has to be used. The analyst has to make a choice of what *features* of
the raw data will be used in the analysis. Or, during the analysis
itself, an algorithm can be used that picks those features that predict
the outcome variable most efficiently. Usually there is a combination of
both methods: there is an informed choice of what features in the data
are likely to be most informative (e.g., the data analyst a priori
believes that the specific words used in the interviews will be more
informative about relapse than information contained in X-rays), and an
algorithm that selects the most informative features out of this
selection (e.g., the words "mother" and "angry"). One reason that
variable selection is necessary is because statistical methods, like for
example linear models, do not work when the number of variable is large
relative to the number of cases. This is known as the \(p > n\) problem,
where \(p\) refers to the number of variables and \(n\) to the number of
cases. We will come back to this problem below.

Third, because there is so much information available in big data
situations, there is the likely danger of *over-fitting* your model.
Maybe you have enough cases to include 1,000 predictor variables in your
linear models, and they will run and give meaningful output, but then
the model will be too much focused on the data that you have now, so
that it will be very bad at predicting or classifying new events
correctly. Therefore, another reason for limiting the number of
variables in your model is to prevent over-fitting. Limiting the number
of variables in a model can be done by various variable selection
methods, for example the LASSO in linear regression (Tibshirani, 1996).
Over-fitting can also be countered by using so-called ensemble methods
like boosting and random forest.

In order to check that you are not over-fitting, one generally splits
the data into a *training* data set and a *test* data set (or validation
data set). The training data are used to select the variables and fit
the model (i.e., determine model parameters). For example, when a simple
linear regression model is used to predict height in school children,
the least squares estimates are determined based on the training data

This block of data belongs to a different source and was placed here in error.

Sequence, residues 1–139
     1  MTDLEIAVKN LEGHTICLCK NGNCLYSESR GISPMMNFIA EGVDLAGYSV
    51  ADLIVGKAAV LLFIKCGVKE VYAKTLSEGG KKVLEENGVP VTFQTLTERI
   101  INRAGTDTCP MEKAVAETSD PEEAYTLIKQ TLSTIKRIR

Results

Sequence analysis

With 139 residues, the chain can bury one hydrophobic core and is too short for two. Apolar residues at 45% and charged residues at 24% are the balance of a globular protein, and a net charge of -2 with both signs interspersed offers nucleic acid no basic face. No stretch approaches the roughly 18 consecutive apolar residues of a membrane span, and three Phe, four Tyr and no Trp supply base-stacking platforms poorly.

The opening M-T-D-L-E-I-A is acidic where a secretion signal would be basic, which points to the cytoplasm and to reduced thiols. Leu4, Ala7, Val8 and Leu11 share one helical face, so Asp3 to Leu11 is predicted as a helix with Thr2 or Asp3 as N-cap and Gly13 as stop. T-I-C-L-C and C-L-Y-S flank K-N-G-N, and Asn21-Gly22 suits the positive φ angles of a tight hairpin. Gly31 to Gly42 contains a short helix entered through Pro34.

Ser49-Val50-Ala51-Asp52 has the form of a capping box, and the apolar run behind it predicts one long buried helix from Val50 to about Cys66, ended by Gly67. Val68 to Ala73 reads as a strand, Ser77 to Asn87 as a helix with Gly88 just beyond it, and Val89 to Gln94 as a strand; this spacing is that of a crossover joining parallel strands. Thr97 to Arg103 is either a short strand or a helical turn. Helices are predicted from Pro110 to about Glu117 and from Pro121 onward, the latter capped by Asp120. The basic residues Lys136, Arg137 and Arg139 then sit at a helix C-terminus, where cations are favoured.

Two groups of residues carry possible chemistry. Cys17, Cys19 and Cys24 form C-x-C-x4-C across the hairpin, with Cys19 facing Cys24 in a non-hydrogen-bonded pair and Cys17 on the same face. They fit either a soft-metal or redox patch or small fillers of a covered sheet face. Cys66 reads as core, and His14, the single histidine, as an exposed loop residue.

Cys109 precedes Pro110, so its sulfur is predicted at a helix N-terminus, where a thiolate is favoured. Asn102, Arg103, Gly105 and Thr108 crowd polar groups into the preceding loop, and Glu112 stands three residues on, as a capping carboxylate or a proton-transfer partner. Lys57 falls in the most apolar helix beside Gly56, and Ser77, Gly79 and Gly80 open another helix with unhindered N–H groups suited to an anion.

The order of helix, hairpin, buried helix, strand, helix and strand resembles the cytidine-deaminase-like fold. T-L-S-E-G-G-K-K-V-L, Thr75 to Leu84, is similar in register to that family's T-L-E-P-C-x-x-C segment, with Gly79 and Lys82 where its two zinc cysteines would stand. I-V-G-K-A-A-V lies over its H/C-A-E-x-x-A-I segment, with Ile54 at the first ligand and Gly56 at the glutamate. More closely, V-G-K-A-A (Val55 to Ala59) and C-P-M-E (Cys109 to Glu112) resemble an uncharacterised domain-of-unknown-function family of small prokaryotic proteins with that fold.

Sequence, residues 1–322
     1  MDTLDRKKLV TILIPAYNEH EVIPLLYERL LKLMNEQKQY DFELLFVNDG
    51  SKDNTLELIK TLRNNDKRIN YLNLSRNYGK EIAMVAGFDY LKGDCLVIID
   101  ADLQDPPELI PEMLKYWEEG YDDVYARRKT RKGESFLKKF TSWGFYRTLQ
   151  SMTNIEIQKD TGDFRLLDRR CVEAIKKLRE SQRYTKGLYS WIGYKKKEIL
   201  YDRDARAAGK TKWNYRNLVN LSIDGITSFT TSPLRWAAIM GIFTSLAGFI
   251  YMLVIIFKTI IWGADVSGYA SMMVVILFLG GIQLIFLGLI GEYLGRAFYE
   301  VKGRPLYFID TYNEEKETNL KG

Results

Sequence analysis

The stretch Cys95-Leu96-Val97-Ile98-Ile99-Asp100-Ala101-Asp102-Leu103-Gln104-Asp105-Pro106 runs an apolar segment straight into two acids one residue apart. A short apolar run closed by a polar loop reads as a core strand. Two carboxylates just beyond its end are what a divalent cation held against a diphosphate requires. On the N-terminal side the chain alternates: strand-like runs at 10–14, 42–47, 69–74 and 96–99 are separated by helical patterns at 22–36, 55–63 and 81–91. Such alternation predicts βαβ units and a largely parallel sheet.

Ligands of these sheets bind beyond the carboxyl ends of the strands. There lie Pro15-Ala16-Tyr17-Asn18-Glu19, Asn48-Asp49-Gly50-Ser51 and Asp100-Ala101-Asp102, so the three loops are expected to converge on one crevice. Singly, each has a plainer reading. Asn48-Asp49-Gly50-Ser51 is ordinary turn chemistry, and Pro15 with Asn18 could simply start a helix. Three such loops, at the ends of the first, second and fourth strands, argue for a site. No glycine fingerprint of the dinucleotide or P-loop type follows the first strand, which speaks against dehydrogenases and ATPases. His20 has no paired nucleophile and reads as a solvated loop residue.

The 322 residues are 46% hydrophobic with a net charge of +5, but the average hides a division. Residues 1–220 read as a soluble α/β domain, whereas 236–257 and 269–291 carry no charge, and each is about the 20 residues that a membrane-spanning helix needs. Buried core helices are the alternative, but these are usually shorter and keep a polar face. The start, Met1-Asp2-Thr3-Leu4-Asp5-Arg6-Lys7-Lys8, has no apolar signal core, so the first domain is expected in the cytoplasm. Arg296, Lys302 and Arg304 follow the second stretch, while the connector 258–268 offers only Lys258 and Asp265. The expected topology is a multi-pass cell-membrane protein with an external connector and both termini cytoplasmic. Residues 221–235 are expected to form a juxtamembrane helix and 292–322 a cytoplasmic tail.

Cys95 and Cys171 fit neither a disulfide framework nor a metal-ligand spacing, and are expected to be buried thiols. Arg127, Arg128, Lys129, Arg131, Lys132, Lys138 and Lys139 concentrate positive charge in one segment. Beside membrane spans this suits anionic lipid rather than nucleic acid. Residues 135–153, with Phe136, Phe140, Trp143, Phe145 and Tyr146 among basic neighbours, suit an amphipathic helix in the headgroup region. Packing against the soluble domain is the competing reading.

alone. Next, these estimates are used to predict new values for the test
data. That is, we take the test data, use the predictor variables and
plug them into the model equation and see what height values we predict
for the children in the test data. Next, we compare these predicted
values with the actually observed height measurements in these children.
In the case of over-fitting, the model will show a very good fit (good
predictions) to the training data but a poor fit to the test data (bad
predictions). If there is no over-fitting, the predictions for the test
data will not be much worse for the test data than for the training
data.

As a small data example of the phenomenon of over-fitting, in Figure 17.1 we see a complete data set on variables \(X\) and \(Y\) for 30 observations. The actual relationship between the two variables can be described by a simple linear regression model \(Y = X + e\), where \(e\) has a normal distribution with standard deviation 10. But suppose we don’t know that, and we want to find a model that gives a good description for these data. We split the data set in half, and use a local polynomial regression fitting algorithm that best describes the training data. The training data set and the model predictions, depicted as a blue line is given in Figure 17.2. It turns out that the correlation between the observed \(Y\)-values and the predicted values based on the model is pretty high: 0.78.

Next, we apply this model to the test data. These are depicted in Figure
17.3. The blue line are the predicted
\(Y\)-values for the \(X\)-values in this data set, based on the model. We
see that the blue line is not a good description of the pattern in the